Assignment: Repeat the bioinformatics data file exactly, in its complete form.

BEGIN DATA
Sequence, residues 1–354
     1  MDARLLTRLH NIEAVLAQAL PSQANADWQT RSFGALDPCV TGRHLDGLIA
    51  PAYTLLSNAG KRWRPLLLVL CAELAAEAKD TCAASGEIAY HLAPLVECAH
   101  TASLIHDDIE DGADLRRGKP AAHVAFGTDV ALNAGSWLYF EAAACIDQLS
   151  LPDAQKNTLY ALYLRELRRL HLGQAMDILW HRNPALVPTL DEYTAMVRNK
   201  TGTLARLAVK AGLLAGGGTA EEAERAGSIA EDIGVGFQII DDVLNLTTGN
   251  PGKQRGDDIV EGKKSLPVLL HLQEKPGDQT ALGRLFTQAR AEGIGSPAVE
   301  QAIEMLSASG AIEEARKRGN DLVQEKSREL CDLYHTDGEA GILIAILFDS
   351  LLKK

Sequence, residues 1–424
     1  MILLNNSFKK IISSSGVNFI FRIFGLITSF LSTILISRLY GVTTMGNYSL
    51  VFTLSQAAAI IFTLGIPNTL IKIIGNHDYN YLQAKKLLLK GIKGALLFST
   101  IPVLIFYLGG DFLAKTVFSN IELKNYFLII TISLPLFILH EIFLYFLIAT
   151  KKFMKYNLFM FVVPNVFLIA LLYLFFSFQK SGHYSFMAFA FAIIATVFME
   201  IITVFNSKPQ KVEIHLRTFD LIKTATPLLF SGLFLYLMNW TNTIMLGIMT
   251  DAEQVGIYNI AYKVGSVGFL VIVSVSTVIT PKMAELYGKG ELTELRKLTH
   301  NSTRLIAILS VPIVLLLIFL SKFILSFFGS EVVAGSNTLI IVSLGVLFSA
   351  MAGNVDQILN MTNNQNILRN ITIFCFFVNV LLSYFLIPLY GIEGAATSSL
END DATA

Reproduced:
Sequence, residues 1–354
     1  MDARLLTRLH NIEAVLAQAL PSQANADWQT RSFGALDPCV TGRHLDGLIA
    51  PAYTLLSNAG KRWRPLLLVL CAELAAEAKD TCAASGEIAY HLAPLVECAH
   101  TASLIHDDIE DGADLRRGKP AAHVAFGTDV ALNAGSWLYF EAAACIDQLS
   151  LPDAQKNTLY ALYLRELRRL HLGQAMDILW HRNPALVPTL DEYTAMVRNK
   201  TGTLARLAVK AGLLAGGGTA EEAERAGSIA EDIGVGFQII DDVLNLTTGN
   251  PGKQRGDDIV EGKKSLPVLL HLQEKPGDQT ALGRLFTQAR AEGIGSPAVE
   301  QAIEMLSASG AIEEARKRGN DLVQEKSREL CDLYHTDGEA GILIAILFDS
   351  LLKK

Sequence, residues 1–424
     1  MILLNNSFKK IISSSGVNFI FRIFGLITSF LSTILISRLY GVTTMGNYSL
    51  VFTLSQAAAI IFTLGIPNTL IKIIGNHDYN YLQAKKLLLK GIKGALLFST
   101  IPVLIFYLGG DFLAKTVFSN IELKNYFLII TISLPLFILH EIFLYFLIAT
   151  KKFMKYNLFM FVVPNVFLIA LLYLFFSFQK SGHYSFMAFA FAIIATVFME
   201  IITVFNSKPQ KVEIHLRTFD LIKTATPLLF SGLFLYLMNW TNTIMLGIMT
   251  DAEQVGIYNI AYKVGSVGFL VIVSVSTVIT PKMAELYGKG ELTELRKLTH
   301  NSTRLIAILS VPIVLLLIFL SKFILSFFGS EVVAGSNTLI IVSLGVLFSA
   351  MAGNVDQILN MTNNQNILRN ITIFCFFVNV LLSYFLIPLY GIEGAATSSL